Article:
Step-by-Step, Following the Blue Blazes

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By Scott Carpenter

Mary McKinley has no problem achieving her 10,000 steps a day. In her backpacking career, she figures she has logged more than 10,000 miles, including the five-week trek that brought her to Swanton in mid-May.

“You just do it,” she said while resting at the home of a “trail angel” near Oak Openings Preserve. “You put one foot in front of the other and follow the blue blazes.”

The blazes Mary is following are markings for the North Country Trail, the longest of the 11 National Scenic Trails, which passes through northwest Ohio on its 4,700-mile route from North Dakota to Vermont.

The NCT traverses through 160 federal, state and local public lands, including 10 National Forests, more than 100 state parks, forests and game areas, and locally, two Metroparks.

It overlays the southwest portion of the Hiking Trail at Oak Openings, part of the Wabash Cannonball Trail-South Fork and, after a recent re-route, through Farnsworth along the Towpath Trail. It also shares a portion of the Buckeye Trail, a nearly 1,400-mile marked route around Ohio.

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Mary, a retired university instructor who is known to fellow backpackers by her trail name, “Denali,” was the second thru-hiker to arrive in the area in May, said Marianne Duvendack, an NTC and Wabash Cannonball Trail volunteer. She is also a trail angel, offering assistance including lodging to hikers passing through.

Mary is hiking the North Country in sections, picking up April 17 where she left off last year, in Petoskey, MI. She plans to end this section in Dayton on a target date this month to catch a flight home to the Florida panhandle. Two weeks later, she’ll be back on the trail, but a different trail that she is also hiking in sections.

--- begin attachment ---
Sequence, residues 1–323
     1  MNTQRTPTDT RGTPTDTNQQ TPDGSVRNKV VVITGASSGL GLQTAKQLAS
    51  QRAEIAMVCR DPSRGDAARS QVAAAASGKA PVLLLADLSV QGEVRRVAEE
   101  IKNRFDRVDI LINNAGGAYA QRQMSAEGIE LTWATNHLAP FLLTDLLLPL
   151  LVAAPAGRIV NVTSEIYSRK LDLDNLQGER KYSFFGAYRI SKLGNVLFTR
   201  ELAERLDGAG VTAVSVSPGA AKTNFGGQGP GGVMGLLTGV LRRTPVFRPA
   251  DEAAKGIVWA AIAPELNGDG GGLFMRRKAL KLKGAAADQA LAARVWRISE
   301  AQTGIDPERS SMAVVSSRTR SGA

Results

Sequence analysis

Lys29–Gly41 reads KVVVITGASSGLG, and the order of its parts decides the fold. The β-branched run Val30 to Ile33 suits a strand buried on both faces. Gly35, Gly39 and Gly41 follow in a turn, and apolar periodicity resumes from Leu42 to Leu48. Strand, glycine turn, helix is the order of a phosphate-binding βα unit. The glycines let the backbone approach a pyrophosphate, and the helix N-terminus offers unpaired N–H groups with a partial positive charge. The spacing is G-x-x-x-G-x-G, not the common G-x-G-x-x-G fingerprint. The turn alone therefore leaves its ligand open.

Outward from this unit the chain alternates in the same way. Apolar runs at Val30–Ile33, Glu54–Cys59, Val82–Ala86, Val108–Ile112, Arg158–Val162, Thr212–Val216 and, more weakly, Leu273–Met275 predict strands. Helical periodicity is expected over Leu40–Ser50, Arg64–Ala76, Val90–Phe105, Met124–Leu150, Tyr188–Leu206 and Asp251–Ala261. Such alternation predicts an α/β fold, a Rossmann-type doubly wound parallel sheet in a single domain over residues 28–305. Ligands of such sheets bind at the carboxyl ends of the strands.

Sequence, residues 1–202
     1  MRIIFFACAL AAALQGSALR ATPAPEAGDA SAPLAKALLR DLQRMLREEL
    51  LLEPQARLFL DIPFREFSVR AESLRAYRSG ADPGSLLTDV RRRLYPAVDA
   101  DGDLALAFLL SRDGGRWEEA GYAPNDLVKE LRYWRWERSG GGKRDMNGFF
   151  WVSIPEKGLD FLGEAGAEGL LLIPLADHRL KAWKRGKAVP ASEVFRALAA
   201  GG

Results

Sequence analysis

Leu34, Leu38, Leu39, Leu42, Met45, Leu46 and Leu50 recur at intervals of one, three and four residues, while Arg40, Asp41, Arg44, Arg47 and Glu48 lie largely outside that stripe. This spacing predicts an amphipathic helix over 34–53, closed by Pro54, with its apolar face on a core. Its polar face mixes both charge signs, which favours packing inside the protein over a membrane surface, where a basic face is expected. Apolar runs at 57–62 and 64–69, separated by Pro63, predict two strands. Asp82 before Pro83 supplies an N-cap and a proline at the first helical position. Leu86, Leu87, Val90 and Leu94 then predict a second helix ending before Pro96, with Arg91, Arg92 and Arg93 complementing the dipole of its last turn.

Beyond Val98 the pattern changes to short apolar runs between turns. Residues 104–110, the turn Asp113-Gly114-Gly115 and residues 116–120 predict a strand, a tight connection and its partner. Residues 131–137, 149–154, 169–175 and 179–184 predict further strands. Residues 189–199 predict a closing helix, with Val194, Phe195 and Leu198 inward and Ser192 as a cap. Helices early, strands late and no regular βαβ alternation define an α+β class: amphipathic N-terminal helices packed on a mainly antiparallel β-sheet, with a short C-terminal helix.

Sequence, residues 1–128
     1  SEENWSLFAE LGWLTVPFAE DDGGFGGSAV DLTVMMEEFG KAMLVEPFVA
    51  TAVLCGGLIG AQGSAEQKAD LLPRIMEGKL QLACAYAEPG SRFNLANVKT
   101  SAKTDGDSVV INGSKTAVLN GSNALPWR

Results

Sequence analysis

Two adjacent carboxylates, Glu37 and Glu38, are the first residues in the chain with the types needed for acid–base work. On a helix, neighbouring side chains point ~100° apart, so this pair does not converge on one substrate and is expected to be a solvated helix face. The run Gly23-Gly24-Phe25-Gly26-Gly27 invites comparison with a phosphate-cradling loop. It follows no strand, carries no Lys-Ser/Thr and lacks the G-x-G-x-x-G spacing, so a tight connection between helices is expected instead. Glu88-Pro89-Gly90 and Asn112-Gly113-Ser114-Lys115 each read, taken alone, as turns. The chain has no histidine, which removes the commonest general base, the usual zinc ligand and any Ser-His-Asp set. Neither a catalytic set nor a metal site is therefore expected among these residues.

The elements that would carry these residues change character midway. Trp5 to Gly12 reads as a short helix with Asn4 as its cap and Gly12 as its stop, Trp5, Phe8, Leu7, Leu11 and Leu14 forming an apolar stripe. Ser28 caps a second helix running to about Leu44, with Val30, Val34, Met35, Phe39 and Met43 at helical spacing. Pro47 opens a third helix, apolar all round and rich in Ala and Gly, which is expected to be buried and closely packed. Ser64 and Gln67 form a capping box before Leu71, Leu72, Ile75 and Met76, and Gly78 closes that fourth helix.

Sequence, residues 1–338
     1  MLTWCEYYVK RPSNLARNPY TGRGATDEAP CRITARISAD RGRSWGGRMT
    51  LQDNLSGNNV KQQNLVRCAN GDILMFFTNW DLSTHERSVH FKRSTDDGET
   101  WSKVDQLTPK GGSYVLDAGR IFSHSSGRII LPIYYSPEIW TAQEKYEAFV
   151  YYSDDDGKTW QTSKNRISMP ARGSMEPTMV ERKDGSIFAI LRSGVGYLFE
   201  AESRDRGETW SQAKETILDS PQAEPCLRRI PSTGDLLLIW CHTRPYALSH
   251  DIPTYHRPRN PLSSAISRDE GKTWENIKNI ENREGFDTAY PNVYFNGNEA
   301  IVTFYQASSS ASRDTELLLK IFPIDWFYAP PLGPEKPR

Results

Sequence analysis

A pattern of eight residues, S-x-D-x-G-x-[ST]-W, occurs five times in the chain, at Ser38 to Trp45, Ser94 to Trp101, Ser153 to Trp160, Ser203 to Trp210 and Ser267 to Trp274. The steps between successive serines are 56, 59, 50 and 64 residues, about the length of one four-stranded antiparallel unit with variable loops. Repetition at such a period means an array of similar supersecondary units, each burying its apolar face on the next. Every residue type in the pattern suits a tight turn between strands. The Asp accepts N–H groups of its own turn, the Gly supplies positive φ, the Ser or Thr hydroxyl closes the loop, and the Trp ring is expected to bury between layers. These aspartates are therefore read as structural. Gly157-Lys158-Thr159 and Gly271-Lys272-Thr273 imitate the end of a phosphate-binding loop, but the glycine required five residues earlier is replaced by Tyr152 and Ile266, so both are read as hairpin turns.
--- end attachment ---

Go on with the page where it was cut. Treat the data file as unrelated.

Mary has already completed the Appalachian, Florida and Natchez Trace National Scenic Trails. She is now section hiking both the NCT and Continental Divide trails.

“I like the National Scenic Trails because I figure they are national trails for a reason,” she said.

Last year, Mary started the North Country trek in eastern Minnesota and hiked 1,100 miles to Michigan’s northern lower peninsula. “I started in the middle,” she laughed. Eventually, she said she will go back to the trail’s western terminus in west-central North Dakota and complete the section across Minnesota. She estimates it will take her at least another year to complete the daunting trail, which is more than twice the length of the famed Appalachian Trail (which Mary completed solo in just over a year, finishing in 2007).

“You have to hike your own hike,” she said, adding that she never reads accounts of other hikers’ experiences prior to starting an excursion because she wants to discover the trail for herself. “It doesn’t matter if it took one year or 20 years to anyone but you. To me, not a competitive sport.”

On her journeys, Mary relies on helpers like Marianne, but typically travels alone, and will pitch a tent if she needs to. The previous night, she slept in a building owned by the Northwest Ohio Rails-to-Trails Association near Delta.

“Some long-distance hikers will plan out everything,” she said. “I don’t know where I’m going to stay every night or where my meals are going to come from, but I find I get just what I need.”

Trail life takes its toll, mentally and emotionally, Mary said. “And you miss out on things” being gone for a minimum of three months per year. When she is home in winter, she helps care for the Florida National Scenic Trail and assists other hikers.

But, she is always anxious to get back out, follow the blue blazes and explore the American countryside step-by-step.

“It’s a walking meditation,” she said. “It’s a spiritual journey, always.”

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